3. Humility. This may seem like a strange quality and it is indeed hard to find in academic settings and yet it seems essential to the flourishing of university communities. Increasingly we consider education an entitlement, rather than a blessing. A huge deal, often to the point of silliness, is made of pecking orders and credentials. And there often can be an elitism in academic circles that “looks down” on others. Might it be good to remember how much public money from hard-working non-university types make the work of a university possible? In addition, it has often been noted that it is incredible what can be accomplished when we are not concerned about who gets the credit. And should this not engender a work ethic that strives for excellence, realizing what a gift it is to be in this place? And finally, should not the wonder of what we study and the fact that the more we know, the more we realize we don’t know engender a humility of sorts?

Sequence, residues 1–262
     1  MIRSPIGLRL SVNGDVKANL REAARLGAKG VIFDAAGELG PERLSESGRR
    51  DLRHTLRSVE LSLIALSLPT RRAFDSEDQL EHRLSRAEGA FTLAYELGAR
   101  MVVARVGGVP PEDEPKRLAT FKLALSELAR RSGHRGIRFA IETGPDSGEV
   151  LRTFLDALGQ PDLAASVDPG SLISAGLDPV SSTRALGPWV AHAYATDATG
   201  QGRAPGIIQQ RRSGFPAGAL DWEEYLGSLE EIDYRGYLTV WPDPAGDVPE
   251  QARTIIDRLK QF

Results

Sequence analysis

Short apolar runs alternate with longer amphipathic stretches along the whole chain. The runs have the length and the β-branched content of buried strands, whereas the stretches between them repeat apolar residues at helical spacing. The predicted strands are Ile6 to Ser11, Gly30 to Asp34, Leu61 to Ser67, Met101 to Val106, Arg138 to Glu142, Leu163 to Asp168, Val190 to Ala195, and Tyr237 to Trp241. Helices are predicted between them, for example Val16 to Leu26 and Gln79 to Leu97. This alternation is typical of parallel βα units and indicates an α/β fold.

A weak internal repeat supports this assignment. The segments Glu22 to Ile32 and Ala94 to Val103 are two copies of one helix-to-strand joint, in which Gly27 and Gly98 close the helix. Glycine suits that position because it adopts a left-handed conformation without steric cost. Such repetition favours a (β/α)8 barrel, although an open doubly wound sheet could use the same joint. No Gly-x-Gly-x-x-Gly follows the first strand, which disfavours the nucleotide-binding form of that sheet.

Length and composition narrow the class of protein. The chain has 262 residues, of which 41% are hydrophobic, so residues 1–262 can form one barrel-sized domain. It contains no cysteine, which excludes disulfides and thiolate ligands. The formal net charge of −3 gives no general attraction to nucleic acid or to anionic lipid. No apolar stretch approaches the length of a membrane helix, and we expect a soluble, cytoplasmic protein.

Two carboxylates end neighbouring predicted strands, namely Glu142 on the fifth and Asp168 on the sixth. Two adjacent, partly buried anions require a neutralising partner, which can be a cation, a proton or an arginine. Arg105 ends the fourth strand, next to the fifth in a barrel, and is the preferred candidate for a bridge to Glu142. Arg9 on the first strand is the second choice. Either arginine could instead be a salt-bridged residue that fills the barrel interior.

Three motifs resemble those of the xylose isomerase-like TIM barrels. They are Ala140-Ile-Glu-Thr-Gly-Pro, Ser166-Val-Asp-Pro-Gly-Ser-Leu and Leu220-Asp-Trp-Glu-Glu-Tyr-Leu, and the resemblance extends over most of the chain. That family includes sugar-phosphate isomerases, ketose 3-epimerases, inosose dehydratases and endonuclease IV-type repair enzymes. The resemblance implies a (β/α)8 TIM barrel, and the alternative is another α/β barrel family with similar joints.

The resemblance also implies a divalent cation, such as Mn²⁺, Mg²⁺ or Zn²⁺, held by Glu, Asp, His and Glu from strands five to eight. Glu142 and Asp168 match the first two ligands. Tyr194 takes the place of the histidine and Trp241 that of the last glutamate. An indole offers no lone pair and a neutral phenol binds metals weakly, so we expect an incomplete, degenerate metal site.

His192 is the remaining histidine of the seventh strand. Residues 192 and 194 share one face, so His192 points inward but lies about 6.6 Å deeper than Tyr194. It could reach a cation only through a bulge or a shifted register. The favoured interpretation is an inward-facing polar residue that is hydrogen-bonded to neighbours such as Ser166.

I might be naively ideal here. Yet it seems that even without some “character education” agenda which often is dismissed as so much “window dressing” the university can and ought to uphold and function as a community of character that does have a formative influence.

 

Review: Big Questions, Worthy Dreams: Mentoring Emerging Adults in Their Search for Meaning, Purpose, and Faith

Big Questions, Worthy Dreams: Mentoring Emerging Adults in Their Search for Meaning, Purpose, and Faith
Big Questions, Worthy Dreams: Mentoring Emerging Adults in Their Search for Meaning, Purpose, and Faith by Sharon D. Parks
My rating: 3 of 5 stars

This is one of the books that higher ed professionals have mentioned to me over and over again with regard to the interest in “spirituality” among college students. So, when a friend offered to lend me a copy, I accepted. For me, there were two significant areas of “takeaway” from this book.